I grew up in Florida. Dark, chilly winter mornings don’t exist in the sunshine state. Year round mosquitoes do however, but that’s beside the point. Getting bundled up and in the saddle early has taken some getting used to, but it’s nice to know I’ll always have company. On any given morning, I’m joined on the Chester Creek Trail by fellow cyclists, dog-walkers, joggers, and of course our favorite antlered residents. Did you know Alaskans commute by bike or foot more often, per capita, than residents of any other state, according to the American Community Survey? However, when the alarm goes off and I watch the snow fall outside, I’m plagued by a thought shared occasionally by other year round bike commuters (not the Alaskan variety, of course). Should I just drive? What if the bike lanes and sidewalks are impassable?
While we have a long road ahead of us, Anchorage is making strides toward becoming a premier winter mobility city. The Municipality’s planning arm, Anchorage Metropolitan Area Transportation Solutions (AMATS), just began a new Non-Motorized Plan. Currently, the muni relies on the 1997 Trails Plan, the 2007 Pedestrian Plan, and the 2010 Bike Plan when making decisions about new infrastructure for non-motorized transportation. The updated plan will replace all three plans and take a more holistic approach to building a non-motorized network.
At the same time, AMATS is working on a Complete Streets Policy for the municipality. “Complete Streets” refer to roadways designed for all users, not just cars. Whether you’re eight or 80, on a bike or in a wheelchair, Complete Streets are safe, inviting places for you to travel.
Complementary to these efforts, Mayor Berkowitz launched the Vision Zero initiative in 2016. Vision Zero is an international movement proven to reduce traffic deaths and major injuries to zero. The local effort coordinates agency and community actions to take a data-driven approach to making Anchorage safer for everyone.
We need to keep the momentum going and ensure the Non-Motorized Plan, Complete Streets Policy, and Vision Zero initiative make real change in our community. These policies and planning efforts are important steps in creating concrete solutions. Problems with pedestrian and bicycling safety still plague Anchorage and the rest of the country. Nationally, deaths of people on bikes rose 12.2 percent in 2015. In Anchorage, 69 pedestrians and bicyclists have been struck by people in cars from 2014 to October 12, 2017. We simply do not have enough safe routes between neighborhoods and community hubs. This is especially true downtown, where bicycling facilities like bike lanes, separate pathways, etc., are non-existent and access from other parts of town is difficult.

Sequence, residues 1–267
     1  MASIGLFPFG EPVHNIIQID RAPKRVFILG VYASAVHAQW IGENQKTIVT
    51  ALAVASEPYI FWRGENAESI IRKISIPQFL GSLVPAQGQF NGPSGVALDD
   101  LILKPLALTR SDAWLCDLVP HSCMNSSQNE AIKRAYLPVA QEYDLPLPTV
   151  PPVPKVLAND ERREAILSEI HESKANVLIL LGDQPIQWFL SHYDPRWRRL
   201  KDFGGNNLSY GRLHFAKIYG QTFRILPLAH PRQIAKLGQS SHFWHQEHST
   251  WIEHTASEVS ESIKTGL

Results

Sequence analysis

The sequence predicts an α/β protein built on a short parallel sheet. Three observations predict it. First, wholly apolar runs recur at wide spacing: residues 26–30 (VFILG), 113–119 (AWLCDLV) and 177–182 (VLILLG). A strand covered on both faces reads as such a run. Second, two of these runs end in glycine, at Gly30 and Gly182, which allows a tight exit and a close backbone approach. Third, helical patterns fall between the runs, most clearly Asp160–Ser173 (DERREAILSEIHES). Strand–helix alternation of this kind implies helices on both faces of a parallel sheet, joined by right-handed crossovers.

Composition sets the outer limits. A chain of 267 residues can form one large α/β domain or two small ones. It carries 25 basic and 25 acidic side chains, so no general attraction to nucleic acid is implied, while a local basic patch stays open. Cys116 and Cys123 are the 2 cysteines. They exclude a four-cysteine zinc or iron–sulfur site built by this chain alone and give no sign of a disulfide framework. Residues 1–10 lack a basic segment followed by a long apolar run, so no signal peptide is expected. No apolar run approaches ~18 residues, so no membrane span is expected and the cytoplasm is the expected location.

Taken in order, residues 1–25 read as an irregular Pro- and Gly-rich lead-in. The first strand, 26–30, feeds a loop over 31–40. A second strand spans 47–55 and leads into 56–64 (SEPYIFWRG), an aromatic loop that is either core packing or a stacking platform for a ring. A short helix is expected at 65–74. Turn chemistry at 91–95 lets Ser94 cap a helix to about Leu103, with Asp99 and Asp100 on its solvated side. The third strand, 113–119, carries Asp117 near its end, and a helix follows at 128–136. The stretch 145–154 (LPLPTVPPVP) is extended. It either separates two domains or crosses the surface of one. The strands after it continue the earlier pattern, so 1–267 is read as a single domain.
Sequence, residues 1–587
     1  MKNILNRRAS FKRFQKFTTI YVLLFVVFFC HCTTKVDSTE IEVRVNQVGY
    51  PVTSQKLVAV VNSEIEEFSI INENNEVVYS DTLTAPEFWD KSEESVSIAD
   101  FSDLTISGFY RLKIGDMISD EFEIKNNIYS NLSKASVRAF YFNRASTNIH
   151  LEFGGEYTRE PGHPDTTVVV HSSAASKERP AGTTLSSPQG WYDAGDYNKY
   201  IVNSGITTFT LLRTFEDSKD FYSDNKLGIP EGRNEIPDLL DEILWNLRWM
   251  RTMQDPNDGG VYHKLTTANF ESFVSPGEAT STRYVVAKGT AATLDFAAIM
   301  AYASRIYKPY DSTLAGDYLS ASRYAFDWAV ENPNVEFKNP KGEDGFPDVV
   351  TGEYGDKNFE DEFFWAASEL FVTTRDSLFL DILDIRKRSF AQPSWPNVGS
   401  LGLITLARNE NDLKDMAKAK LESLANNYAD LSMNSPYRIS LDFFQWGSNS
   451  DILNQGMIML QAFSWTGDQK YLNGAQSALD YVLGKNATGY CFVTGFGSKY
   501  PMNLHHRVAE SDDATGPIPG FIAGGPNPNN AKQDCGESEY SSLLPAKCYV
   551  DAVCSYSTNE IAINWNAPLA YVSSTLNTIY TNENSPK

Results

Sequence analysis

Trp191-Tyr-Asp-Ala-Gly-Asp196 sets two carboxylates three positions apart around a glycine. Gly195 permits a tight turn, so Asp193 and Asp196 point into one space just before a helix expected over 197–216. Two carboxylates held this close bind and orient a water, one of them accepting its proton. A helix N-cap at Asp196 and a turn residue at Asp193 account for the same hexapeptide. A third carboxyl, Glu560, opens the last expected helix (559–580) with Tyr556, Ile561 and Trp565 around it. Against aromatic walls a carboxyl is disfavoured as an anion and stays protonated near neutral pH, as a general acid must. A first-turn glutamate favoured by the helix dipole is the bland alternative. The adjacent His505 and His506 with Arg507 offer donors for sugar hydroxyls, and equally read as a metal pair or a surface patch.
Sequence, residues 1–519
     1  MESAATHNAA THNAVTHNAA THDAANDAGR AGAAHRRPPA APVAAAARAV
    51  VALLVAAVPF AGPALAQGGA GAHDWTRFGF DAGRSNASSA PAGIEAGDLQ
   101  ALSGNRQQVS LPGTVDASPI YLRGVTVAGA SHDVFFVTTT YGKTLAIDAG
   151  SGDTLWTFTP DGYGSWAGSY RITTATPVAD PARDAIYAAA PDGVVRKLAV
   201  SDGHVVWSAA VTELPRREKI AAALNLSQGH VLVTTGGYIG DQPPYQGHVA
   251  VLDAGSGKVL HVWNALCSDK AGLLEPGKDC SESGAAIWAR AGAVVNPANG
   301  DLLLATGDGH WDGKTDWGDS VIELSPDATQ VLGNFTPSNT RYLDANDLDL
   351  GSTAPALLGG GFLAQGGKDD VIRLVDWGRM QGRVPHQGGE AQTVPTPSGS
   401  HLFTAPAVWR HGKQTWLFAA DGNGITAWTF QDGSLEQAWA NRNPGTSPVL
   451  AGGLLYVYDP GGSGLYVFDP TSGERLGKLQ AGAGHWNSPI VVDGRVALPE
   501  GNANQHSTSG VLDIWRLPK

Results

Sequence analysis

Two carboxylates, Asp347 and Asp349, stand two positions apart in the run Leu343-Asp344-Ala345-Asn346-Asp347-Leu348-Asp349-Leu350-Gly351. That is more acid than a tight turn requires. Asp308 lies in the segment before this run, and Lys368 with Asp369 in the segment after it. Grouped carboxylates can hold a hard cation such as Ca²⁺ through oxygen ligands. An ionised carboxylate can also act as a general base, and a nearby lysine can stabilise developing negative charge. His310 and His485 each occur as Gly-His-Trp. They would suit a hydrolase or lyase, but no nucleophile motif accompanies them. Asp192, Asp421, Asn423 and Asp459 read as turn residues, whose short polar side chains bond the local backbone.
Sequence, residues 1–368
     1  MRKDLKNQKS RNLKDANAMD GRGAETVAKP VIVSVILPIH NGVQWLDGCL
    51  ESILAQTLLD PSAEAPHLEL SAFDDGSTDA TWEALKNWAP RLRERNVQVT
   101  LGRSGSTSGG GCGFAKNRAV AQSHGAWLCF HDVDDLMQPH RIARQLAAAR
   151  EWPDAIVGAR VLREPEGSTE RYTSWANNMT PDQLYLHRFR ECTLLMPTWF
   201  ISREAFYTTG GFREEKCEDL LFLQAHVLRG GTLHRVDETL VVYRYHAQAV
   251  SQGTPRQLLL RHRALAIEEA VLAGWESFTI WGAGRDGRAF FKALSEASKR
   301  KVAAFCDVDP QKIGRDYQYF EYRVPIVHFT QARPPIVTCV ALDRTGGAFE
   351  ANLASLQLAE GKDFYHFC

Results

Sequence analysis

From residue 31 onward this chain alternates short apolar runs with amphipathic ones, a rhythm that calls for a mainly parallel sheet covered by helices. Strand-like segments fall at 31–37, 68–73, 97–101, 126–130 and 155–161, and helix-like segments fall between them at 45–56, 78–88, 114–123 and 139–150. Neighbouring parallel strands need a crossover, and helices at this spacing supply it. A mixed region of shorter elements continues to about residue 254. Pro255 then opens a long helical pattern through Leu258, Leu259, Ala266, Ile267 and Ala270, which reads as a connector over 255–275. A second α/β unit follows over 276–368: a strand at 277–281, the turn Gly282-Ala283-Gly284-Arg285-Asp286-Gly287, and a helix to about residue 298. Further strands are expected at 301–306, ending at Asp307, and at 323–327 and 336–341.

We must adopt a Non-Motorized Plan and Complete Streets Policy that facilitate safe and welcoming movement through our city, regardless of mode of travel. More bicyclists and pedestrians in community hubs like downtown attract investment, support local businesses, and increase employee productivity. Not to mention the health benefits, increased livability, and enjoyment that active transportation provides.
How can you make a difference? AMATS is scheduled to release a draft version of the Complete Streets Policy in November and began work on the Non-Motorized Plan in September. Bike Anchorage will be actively involved in both efforts by advocating for a safer, more livable community for all. Please consider volunteering with us to engage the public to make these initiatives real solutions for Anchorage. We can achieve a more livable Anchorage if we speak up and make it happen together. Check out www.bikeanchorage.org and the Bike Anchorage Facebook Page for opportunities to get involved.
Written by Anchorage Downtown Partnership, Ltd. Board Member Pierce Schwalb
for Anchorage Press.